On Jan. 29, the Official Seton Hall University Instagram account, @SetonHall, posted an image of students who recently attended the March for Life in Washington D.C.
The post generated over 850 comments while the average post typically receives anywhere from zero to ten comments.
A few of the commenters were proud of the post and expressed confusion as to why others were vocally upset. “Proud of @setonhall for featuring those that are attempting to fight the good fight #respect for life” and “You all went to a Private Catholic University whose belief is that life begins at conception.”
However, the vast majority of comments were upset with the University for uploading such a post, with current students, alumni, and prospective students voicing outrage.
Kendy Rudy, a potential student from New Jersey commented, “No. I’m no longer applying to your school.”
“In no way does the post make Seton Hall look diverse,” they responded when asked about if the post makes the school appear diverse. They added that they had “seriously considered it [Seton Hall] in the past” but were no longer interested.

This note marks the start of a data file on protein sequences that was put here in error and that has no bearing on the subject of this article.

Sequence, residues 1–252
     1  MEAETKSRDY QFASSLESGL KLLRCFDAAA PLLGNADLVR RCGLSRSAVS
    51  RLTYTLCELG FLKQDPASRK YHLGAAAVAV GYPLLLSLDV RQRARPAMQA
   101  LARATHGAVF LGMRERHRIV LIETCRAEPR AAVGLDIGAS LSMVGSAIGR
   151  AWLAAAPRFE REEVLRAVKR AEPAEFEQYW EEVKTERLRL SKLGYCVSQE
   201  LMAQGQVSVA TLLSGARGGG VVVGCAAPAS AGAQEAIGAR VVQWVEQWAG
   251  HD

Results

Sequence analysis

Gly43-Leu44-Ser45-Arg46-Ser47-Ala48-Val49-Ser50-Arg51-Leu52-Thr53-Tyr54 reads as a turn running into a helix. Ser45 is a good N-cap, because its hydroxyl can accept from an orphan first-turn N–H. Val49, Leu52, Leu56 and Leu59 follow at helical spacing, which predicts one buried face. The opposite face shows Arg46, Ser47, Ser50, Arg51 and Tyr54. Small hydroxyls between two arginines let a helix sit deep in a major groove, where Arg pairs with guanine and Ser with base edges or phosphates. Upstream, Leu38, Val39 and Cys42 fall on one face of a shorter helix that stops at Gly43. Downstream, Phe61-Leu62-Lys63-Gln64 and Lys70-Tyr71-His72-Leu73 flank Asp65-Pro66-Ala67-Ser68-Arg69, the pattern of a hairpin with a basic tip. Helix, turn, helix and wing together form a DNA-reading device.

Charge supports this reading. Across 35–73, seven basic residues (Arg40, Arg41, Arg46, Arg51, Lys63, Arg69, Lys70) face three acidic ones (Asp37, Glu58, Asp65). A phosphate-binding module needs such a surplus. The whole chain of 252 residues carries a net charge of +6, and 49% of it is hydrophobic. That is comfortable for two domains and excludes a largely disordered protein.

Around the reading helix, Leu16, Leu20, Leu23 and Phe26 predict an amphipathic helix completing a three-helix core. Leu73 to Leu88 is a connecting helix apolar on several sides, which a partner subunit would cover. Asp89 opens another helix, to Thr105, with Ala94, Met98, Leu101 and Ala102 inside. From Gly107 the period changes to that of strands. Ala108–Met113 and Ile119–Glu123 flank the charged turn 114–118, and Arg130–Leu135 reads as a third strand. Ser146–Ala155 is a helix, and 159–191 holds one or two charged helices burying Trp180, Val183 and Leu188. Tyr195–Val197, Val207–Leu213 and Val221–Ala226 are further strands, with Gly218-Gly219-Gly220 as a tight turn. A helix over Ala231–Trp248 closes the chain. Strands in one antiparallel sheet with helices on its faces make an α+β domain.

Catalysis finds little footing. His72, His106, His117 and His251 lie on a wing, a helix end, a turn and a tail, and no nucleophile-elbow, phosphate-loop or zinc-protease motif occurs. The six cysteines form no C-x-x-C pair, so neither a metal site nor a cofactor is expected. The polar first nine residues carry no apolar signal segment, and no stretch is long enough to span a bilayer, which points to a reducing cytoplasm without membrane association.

Rudy was not the only non-student upset with the post as Gabby Heffernan, Class of 2018 commented that, “When you call and ask me to donate I will say no and refer you to this post.”
Several current students were upset with the post, Zach Shaw, a junior majoring in communications, was critical of the post and commented on whether he believed it crossed into political territory.
“Absolutely, given the Make America Great Again slogan visible in the image, which is a political slogan and it is completely inappropriate,” Shaw said. He went on to state that the post should be taken down and “issue an apology to those offended.”
Darby Debonis, a junior nursing major, called out the University for not posting about a student organized march held last semester commenting, “Why did @setonhall not post about March for Our Lives? That seems pretty pro-life to me.”
Debonis went on to comment about what trouble her the most regarding the post.
“Seton Hall claims bipartisanship, and the content of the this post failed to uphold that façade,” Debonis said. “The post also alienates a wide variety of students, many that are not represented in the photo taken.”
She did also share that a fellow student recently told her that students can submit posts to Web Development to be approved or denied and found it “interesting that Seton Hall’s Campus Ministry, those organizing Christmas celebrations and Involvement Fairs, as well as alumni are the only groups that possess knowledge of this tool.” SGA President Rishi Shah also highlighted the process at the Student Government meeting Monday night.
Luke Schreder can be reached at email@example.com